8.Liabsuetrakul T, Chaikongkeit P, Korviwattanagarn S, Petrueng C, Chaiya S, Hanvattanakul C, et al. Epidemiology and effect of treatment of soil-transmitted helminthiasis in pregnant women in southern Thailand. Southeast Asian J Trop Med Public Health 2009;40:211-22.   Back to cited text no. 8
9.Fuseini G, Edoh D, Kalifa BG Knight D. Plasmodium and intestinal helminthes distribution among pregnant women in the Kassena-Nankana District of Northern Ghana. Entomol Nematol 2009;1:19-20.  Back to cited text no. 9
10.World Health Organization. Bench AIDS for the diagnosis of intestinal parasites. Geneva, Switzerland: WHO; 1994.  Back to cited text no. 10
11.Ozumba UC, Ozumba NA, Anya S. Helminthiasis in pregnancy in Enugu, Nigeria. J Health Sci 2005;51:291-3.  Back to cited text no. 11
12.Hercberg S, Galan P. Nutritional anaemia. Baillieres Clin Haematol 1992;5:143-8.  Back to cited text no. 12
13.McGregor IA, Wilson ME, billewicz WZ. Malaria infection of the placenta in the Gambia, West Africa, its incidence and relationship to stillbirth, birth weights and placenta weight. Trans R Soc Trop Med 1983;77:232-344.  Back to cited text no. 13
14.Stephenson LS, Lathan MC, Ottesen EA. Malnutrition and parasitic helminth infections. Parasitology 2000;121:23-38.  Back to cited text no. 14
15.Egwunyenga AO, Ajayi JA, Nmorsi OP, Duhlinska-Popova DD. Plasmodium/intestinal helminth co-infections among pregnant Nigerian women. Mem Inst Oswaldo Cruz 2001;96:1055-9.  Back to cited text no. 15
16.Villar J, Klebanoff M, Kestler E. The effect on fetal growth of protozoan pregnancy. Obstet Gynecol 1989;74:915-20.  Back to cited text no. 16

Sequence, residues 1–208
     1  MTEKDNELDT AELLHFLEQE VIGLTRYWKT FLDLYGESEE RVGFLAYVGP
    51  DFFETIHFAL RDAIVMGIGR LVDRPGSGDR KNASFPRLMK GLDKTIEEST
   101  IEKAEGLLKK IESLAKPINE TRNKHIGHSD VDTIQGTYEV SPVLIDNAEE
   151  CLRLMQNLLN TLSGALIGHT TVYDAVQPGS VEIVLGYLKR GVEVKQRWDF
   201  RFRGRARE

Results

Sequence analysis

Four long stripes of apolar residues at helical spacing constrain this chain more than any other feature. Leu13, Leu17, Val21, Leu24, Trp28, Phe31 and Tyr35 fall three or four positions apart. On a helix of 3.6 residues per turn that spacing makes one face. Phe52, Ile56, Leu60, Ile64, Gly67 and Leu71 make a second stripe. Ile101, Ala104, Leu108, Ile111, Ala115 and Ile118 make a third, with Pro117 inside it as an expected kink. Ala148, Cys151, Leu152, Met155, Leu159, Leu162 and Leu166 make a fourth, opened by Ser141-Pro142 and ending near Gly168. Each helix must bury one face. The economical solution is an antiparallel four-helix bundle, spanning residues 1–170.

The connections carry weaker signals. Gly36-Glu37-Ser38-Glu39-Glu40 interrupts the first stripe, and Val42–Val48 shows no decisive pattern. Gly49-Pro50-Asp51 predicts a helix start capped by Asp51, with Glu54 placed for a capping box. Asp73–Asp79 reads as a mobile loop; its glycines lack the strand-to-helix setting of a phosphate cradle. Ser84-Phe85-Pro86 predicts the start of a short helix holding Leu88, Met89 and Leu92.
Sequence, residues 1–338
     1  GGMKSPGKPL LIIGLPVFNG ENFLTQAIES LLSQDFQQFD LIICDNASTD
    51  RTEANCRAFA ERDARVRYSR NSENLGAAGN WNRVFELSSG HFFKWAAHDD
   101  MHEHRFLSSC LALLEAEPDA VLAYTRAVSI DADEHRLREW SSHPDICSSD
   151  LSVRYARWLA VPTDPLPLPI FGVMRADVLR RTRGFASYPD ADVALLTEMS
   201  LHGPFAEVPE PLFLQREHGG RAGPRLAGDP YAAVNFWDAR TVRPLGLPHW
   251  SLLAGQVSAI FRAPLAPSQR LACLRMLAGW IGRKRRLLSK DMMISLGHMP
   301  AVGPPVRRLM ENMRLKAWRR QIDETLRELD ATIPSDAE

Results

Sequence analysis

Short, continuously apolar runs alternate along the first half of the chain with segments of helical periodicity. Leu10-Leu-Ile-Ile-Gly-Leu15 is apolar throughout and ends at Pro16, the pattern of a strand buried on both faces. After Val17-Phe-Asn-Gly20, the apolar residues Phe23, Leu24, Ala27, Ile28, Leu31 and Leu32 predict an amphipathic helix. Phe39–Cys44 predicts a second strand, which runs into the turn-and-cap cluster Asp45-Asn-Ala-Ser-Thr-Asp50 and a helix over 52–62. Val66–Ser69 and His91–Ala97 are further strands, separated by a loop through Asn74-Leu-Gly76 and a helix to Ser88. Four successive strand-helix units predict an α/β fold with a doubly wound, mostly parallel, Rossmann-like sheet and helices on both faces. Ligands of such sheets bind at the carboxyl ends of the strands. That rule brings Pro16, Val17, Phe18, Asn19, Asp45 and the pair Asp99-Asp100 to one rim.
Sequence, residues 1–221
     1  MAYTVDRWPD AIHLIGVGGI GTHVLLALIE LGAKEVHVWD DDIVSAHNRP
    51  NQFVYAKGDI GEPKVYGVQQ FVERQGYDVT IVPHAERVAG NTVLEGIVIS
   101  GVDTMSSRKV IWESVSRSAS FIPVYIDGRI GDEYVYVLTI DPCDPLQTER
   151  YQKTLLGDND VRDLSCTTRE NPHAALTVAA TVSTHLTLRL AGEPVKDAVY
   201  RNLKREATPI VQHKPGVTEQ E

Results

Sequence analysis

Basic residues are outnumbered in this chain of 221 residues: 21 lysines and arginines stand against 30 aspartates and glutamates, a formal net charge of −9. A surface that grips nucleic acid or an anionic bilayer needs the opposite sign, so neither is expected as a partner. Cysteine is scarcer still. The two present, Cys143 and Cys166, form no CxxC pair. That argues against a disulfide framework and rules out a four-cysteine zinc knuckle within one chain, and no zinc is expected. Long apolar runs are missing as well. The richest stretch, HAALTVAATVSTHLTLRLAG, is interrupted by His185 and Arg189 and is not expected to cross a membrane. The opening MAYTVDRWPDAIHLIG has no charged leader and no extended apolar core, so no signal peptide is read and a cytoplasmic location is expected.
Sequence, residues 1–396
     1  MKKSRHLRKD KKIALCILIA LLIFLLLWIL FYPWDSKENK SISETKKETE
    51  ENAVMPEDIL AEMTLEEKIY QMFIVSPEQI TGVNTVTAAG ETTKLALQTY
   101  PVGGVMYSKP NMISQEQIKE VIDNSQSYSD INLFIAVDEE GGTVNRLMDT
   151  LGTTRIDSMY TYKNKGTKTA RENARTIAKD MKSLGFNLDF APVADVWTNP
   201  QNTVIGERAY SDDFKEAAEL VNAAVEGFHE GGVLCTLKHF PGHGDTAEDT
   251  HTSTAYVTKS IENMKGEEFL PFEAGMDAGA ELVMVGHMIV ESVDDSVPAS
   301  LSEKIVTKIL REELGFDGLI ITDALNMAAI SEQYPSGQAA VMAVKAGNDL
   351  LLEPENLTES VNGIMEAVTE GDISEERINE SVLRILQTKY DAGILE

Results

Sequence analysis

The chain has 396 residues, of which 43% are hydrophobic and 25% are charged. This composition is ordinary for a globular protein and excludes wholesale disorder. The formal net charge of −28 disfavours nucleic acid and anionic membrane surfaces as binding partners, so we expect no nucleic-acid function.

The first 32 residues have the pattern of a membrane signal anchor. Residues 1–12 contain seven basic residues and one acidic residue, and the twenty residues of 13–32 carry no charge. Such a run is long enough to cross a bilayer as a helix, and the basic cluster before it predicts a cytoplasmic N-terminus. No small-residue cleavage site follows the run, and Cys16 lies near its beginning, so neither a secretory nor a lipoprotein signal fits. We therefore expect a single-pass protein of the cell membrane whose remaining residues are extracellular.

17.Bello CS, Ianyigna KB, Olutu CO. Intestinal parasites in Jos: A four year review. Niger Med Pract 1997;34:11-3.  Back to cited text no. 17
18.Federal Republic of Nigeria official gazette, No 24, Lagos 15 th May 2007 Vol. 94, Government notice No 221: p. 31184.  Back to cited text no. 18
19.Olusanya O, Okpere E, Ezimokhai M. The importance of social class in voluntary fertility control in a developing country. West Afr J Med 1985;4:205-12.  Back to cited text no. 19
20.Rodríguez-Morales AJ, Barbella RA, Case C, Arria M, Ravelo M, Perez H, et al. Intestinal Parasitic Infections among pregnant women in Venezuela. Infect Dis Obstet Gynecol 2006;2006::23125.   Back to cited text no. 20
21.Bethony JS, Brooker M, Albonico SM, Geiger A, Loukas D, Diemert D, et al. Soil-transmitted helminth infections: Ascariasis, trichuriasis and hookworm. Lancet 2006;367:1521-32.  Back to cited text no. 21


  [Figure 1], [Figure 2]

  [Table 1], [Table 2], [Table 3]